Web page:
Monday, October 31, 2016


Obscurity of the Day, Halloween Edition: Cobwebs


In the 1980s, when editorial cartoonists all seem to have gotten the same idea at the same time to branch out into comic strips, Bob Gorrell and Gary Brookins took their turn up at the plate. As editorial cartoonists for, respectively, the Richmond News-Leader and Richmond Times-Dispatch, this would seem like an unlikely alliance. However, the two Richmond papers were not actually rivals -- they were under the same ownership.

Both creators were fans of horror and monster movies, so they came up with a strip idea that they hoped would be the comic strip equivalent of the movie Young Frankenstein. Cobwebs brought together a team of classic horror movie characters -- Dracula, the Wolf-Man, the Mummy, Frankenstein, a mad scientist and a hunch-backed henchman -- into a comic strip that spoofed the genres. Gorrell supplied layouts and pencilled art, Brookins inked, and both creators supplied gags.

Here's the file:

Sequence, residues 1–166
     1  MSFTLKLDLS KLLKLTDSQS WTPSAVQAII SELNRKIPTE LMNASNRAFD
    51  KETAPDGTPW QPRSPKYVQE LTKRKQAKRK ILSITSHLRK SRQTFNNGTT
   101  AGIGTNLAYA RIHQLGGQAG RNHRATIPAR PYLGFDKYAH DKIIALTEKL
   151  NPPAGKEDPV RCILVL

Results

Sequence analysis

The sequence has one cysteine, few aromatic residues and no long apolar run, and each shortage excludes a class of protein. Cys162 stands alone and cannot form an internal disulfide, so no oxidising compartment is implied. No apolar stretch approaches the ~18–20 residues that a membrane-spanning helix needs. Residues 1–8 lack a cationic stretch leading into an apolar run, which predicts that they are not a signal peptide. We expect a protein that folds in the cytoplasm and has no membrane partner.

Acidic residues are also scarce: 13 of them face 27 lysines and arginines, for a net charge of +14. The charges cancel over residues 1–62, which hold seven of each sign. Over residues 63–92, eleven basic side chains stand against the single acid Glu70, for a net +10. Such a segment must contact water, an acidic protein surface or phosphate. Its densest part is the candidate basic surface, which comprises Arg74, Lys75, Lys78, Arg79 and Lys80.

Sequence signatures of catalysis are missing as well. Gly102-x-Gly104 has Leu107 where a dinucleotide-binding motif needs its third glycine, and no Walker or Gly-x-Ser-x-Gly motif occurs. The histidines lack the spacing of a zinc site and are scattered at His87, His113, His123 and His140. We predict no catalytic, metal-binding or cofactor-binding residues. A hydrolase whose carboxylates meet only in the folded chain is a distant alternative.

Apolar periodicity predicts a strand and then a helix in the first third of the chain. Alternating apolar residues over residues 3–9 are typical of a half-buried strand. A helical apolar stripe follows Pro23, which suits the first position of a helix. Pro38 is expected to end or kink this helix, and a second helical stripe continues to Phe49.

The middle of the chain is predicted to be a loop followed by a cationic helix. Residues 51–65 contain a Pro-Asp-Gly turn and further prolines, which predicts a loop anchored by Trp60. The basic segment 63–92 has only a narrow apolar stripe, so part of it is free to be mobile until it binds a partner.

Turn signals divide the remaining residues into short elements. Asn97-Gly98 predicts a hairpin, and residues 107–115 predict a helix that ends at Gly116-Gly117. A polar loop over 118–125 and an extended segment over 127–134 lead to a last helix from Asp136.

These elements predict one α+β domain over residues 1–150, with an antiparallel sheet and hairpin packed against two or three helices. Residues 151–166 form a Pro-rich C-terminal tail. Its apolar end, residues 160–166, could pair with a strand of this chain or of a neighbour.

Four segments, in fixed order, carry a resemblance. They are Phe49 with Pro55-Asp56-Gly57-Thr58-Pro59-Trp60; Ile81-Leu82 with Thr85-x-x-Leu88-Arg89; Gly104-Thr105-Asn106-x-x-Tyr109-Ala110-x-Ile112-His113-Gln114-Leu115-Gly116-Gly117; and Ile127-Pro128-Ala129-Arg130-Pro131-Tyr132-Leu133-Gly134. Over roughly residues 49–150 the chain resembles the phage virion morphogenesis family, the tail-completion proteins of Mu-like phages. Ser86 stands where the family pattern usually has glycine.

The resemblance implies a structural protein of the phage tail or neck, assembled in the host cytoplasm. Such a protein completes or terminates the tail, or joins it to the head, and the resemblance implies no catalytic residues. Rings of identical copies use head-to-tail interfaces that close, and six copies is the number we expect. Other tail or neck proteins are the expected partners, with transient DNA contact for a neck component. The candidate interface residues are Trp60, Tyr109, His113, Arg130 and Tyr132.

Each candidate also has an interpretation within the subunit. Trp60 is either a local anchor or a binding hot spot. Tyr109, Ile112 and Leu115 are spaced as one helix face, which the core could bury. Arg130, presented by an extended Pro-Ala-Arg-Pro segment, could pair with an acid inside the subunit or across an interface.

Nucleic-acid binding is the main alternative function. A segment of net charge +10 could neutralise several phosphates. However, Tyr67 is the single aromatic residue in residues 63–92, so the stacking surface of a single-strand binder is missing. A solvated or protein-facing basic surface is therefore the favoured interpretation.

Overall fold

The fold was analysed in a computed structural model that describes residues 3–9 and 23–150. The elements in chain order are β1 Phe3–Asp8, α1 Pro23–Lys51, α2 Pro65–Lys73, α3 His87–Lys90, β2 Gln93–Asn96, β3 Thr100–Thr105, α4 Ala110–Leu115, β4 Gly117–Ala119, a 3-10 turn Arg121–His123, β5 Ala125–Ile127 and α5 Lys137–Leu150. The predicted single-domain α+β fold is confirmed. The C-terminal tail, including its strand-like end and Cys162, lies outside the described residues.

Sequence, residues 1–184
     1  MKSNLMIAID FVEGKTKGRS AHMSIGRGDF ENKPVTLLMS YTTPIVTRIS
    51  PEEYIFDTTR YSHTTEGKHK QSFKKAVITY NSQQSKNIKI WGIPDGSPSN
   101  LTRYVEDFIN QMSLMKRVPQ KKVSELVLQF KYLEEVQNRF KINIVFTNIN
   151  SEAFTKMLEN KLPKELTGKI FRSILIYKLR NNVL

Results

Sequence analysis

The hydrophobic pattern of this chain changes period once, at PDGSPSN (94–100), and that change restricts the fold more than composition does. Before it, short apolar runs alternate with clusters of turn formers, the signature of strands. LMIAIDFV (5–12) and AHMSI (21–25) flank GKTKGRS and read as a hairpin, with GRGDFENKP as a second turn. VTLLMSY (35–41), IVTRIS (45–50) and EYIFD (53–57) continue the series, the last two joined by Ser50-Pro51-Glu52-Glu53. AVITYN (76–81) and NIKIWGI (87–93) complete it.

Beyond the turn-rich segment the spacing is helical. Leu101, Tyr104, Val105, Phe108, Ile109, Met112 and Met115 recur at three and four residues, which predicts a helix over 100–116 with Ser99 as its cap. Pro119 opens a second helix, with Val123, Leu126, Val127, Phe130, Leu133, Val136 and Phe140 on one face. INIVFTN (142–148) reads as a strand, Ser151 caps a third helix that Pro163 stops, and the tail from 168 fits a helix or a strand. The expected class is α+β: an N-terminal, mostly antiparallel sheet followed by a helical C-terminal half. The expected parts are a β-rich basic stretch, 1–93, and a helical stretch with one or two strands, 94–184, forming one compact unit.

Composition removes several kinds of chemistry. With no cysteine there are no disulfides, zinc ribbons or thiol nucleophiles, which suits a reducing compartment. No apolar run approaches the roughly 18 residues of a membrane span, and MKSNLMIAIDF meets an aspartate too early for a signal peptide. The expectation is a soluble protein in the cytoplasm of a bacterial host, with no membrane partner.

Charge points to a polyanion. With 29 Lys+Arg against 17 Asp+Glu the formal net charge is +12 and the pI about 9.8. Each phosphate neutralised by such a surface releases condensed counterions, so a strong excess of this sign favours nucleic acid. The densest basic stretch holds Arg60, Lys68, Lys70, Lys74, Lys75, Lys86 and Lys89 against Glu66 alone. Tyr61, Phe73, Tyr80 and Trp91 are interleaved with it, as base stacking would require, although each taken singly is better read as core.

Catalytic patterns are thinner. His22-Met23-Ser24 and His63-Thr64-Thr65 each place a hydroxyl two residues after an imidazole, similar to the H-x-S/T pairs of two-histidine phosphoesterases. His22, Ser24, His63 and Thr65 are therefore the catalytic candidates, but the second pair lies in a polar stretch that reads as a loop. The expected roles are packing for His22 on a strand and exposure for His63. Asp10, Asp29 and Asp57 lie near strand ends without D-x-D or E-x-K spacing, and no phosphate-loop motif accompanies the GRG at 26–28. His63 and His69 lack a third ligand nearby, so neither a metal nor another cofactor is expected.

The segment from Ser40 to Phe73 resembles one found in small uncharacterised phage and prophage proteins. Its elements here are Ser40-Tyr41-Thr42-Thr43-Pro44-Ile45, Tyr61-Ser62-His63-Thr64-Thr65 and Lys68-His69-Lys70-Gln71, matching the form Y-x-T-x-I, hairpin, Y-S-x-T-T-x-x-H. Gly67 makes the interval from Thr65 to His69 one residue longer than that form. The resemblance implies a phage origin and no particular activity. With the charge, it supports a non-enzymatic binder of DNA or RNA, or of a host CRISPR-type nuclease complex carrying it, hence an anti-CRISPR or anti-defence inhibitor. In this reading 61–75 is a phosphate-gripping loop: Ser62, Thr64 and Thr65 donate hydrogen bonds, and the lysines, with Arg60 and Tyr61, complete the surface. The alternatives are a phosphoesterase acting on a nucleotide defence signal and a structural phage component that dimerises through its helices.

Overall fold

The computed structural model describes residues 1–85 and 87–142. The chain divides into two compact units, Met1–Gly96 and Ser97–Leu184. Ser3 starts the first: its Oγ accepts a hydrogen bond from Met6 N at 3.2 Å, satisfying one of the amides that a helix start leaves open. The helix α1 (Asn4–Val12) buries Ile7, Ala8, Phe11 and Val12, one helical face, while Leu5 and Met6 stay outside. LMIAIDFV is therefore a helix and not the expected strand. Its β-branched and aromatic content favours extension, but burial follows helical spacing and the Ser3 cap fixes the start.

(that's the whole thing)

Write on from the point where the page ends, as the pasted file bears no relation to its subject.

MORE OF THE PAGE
After being turned down by the major syndicates, Cobwebs found a home at Asterisk Features, a small but high-quality start-up helmed by John Somerville. Somerville was surely attracted to the excellent art, and hoped that the appeal to horror-movie fans (a genre going through a major revitalization in the 80s) might get newspaper feature editors to take a chance. Sadly, his expectations didn't pan out, and when Cobwebs debuted on May 12 1986 (Sunday starting May 18), it was in a very small list of newspapers. Gorrell and Brookins gamely stuck with the strip through a one-year contract, but by the end of that term it had become apparent that no Peanuts-like slow build was in the offing. The strip was given last rites on May 30 1987.


I remember this strip from an article in CARTOONIST PROFILES, and I think it ran in the BOSTON GLOBE very briefly. It always seemed to me that Brookins' take on the dimwitted Frankenstein was a loose caricature of Ronald Reagan.
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